In the next week or so, we’ll announce the first projects to win support from MIT’s new Racism Research Fund.
And the Institute has also made significant investments in professional staff whose roles expressly center on supporting diversity, equity, and inclusion. That includes a range of appointments in academic and administrative units. A special highlight are our assistant deans, directors and departmental diversity officers. They offer advocacy, support and community-building – and they work closely with the ICEO to keep students, staff, faculty and postdocs connected across MIT.
Would our wonderful assistant deans, directors and diversity officers out there please let us know where you are? Thank you for all you do!
I’m too new to this community to offer any serious diagnosis or solutions now.
But I can outline the philosophy I’ve tried to live by, and to articulate consistently, throughout 17 years as an academic leader.
Let me try to compress it into three overreaching themes:
The first is that our community can only succeed if we operate with the understanding that everyone at MIT is here because they deserve to be here: every staff member, every faculty member, every post-doc, every student. Every one of us is a full member of this community.
And every member of our community is valued as a human being – and valued for what they contribute to the mission.
The second theme is that, as an institution of higher education, we have an obligation – both to our own members and to the larger society we serve – to educate!
And that has to mean seizing every opportunity, from our classrooms to our public conversations, to make sure everyone in the community is familiar with and alert to the history and the present of racial injustice in America.
And the third is that we need to learn from the numbers – but recognize that the numbers don’t tell the whole story. As we can see from the numbers on MIT’s online Diversity Dashboard, we still have a ways to go, in many areas.
But at the same time, beyond the numbers, we can’t ignore the underlying cultural issues.
For instance, I don’t want to just hire Black faculty – I want them to want to retire here! I don’t want them to feel like guests – I want them to feel this is their home. I want them telling their friends and colleagues that they should come to MIT too!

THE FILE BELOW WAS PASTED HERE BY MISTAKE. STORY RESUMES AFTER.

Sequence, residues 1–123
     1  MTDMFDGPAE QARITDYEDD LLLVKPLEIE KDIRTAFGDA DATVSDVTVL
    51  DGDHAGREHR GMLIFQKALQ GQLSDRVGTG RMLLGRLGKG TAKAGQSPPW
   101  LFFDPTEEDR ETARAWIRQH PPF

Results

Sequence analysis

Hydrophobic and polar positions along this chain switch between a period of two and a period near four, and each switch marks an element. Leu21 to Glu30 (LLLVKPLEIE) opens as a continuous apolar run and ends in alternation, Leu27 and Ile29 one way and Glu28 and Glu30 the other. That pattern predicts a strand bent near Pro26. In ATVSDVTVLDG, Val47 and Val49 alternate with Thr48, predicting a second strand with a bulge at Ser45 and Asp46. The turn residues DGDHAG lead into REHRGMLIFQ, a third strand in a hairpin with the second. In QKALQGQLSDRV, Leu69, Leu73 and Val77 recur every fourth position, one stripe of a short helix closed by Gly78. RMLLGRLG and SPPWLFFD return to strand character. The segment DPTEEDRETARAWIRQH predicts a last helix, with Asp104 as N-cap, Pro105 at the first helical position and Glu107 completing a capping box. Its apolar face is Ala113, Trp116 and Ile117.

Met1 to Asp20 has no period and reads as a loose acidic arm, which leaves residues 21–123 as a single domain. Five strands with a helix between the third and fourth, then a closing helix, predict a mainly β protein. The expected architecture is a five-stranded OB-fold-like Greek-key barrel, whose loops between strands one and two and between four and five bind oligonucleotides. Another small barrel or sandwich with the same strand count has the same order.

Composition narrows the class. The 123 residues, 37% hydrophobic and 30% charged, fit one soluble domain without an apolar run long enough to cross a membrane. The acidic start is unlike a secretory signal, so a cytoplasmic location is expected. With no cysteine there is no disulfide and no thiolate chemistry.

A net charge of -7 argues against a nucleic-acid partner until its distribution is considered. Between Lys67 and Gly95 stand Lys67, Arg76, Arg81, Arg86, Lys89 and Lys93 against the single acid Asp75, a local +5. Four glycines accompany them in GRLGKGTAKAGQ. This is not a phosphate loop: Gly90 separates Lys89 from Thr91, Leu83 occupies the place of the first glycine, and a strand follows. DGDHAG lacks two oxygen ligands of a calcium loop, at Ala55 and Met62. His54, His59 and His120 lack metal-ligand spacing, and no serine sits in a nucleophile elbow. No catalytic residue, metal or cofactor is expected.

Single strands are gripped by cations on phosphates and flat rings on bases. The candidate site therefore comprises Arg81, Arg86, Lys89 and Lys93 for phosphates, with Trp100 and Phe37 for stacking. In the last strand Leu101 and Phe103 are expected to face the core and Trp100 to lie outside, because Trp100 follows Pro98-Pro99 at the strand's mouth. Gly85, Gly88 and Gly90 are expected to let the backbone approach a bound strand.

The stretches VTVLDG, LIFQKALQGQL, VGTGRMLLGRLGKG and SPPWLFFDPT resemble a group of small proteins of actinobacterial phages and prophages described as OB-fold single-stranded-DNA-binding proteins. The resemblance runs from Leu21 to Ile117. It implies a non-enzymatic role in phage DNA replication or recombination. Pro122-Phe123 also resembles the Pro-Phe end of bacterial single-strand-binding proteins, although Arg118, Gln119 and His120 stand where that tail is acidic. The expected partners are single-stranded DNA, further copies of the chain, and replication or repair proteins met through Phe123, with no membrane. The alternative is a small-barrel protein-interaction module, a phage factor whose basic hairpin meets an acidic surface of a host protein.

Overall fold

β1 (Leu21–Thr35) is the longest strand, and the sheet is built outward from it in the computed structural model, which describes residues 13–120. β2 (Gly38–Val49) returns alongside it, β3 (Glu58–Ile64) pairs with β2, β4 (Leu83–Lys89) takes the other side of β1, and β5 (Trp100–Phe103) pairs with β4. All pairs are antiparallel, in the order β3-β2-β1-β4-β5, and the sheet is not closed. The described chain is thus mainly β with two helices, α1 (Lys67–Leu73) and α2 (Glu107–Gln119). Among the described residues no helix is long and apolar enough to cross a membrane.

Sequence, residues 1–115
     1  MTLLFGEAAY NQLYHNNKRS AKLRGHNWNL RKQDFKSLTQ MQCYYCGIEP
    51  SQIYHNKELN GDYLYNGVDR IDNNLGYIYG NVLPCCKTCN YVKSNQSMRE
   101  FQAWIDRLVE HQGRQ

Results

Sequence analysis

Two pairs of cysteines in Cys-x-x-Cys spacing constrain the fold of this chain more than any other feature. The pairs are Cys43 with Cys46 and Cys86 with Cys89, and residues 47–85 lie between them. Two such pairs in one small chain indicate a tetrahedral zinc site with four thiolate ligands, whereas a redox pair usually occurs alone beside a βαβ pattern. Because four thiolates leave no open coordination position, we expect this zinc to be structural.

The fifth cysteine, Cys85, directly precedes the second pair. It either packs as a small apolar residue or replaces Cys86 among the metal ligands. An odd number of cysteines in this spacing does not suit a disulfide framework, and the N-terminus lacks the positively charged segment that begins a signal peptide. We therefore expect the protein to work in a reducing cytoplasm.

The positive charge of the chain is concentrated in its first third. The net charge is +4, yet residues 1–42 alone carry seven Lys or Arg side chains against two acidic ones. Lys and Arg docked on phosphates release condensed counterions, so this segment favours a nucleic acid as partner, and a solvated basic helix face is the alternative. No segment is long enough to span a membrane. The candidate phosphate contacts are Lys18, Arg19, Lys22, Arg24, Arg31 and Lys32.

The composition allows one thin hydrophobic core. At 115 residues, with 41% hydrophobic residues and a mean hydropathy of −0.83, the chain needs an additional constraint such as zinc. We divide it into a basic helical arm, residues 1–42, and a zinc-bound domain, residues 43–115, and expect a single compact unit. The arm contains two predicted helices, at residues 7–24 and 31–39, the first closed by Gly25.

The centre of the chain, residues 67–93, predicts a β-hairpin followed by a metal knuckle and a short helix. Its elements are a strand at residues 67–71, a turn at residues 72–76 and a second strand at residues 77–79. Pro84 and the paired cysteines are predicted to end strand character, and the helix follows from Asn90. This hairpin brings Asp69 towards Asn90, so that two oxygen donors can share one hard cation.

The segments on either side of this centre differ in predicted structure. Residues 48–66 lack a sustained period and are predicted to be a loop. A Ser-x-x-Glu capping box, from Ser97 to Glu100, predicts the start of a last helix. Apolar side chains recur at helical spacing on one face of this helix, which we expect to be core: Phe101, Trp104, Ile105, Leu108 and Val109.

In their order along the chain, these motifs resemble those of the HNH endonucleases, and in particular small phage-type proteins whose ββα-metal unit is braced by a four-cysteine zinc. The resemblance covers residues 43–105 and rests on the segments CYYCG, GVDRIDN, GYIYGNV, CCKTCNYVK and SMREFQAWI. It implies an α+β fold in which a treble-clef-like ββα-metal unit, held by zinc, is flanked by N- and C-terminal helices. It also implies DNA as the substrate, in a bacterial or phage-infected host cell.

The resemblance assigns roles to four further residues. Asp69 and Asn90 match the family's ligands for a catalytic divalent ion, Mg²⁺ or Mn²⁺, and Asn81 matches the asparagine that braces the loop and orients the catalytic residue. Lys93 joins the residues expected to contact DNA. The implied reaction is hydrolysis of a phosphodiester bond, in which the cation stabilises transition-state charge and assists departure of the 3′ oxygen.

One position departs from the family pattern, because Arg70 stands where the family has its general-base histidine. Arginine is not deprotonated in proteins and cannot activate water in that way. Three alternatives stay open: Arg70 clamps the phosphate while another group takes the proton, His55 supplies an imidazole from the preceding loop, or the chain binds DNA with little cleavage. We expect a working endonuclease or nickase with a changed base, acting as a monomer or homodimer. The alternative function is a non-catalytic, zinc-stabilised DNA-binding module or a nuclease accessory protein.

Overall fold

That’s going to take more than simply increasing the numbers.
And – whatever the numbers say – we have to listen hard to what members of the community tell us about their own experiences at MIT. I look forward to hearing these kinds of reflections from our community speakers today.
I know that an approach like this can help drive real progress. I’ve seen it in action – and it’s the spirit I intend to bring to my work here.
And I want to highlight one more element that will be key to lasting change: The fact that real progress will depend on how well we can engage those of us at MIT whose identities have typically brought them one or more steps up the ladder of privilege.
Each of us needs to reflect on how we might be contributing, intentionally or unintentionally, to perpetuating the great societal burden of racial injustice. Here at MIT, how can we each contribute to fostering a positive environment, for those who feel pushed to the margins? How can we make MIT better by our actions?
Fixing these deep, enduring problems cannot be only, or even primarily, the responsibility of the people who are injured the most.
The sense of warmth and community and fellowship in this room is palpable. It’s as glorious as sunshine in February.
But I expect that, for many of you, coming together at this event is particularly important because behind your warm and welcoming smiles is the shadow of a long exhaustion. An aching frustration with the slowness of change. The repeated pain of relentless incidents of injustice and violence against Black people. And the longing for a “someday” when you wouldn’t have to keep fighting against racial injustice – so you could focus freely on all the other things that interest you in this world.
I wish I could erase that shadow – and relieve that exhaustion.
But I want you to know that I see it – and I believe that one of my main responsibilities as a leader is to make sure you don’t have to tend the fire for greater justice and understanding on your own.
I’ll be there with you – and I look forward to learning from you all.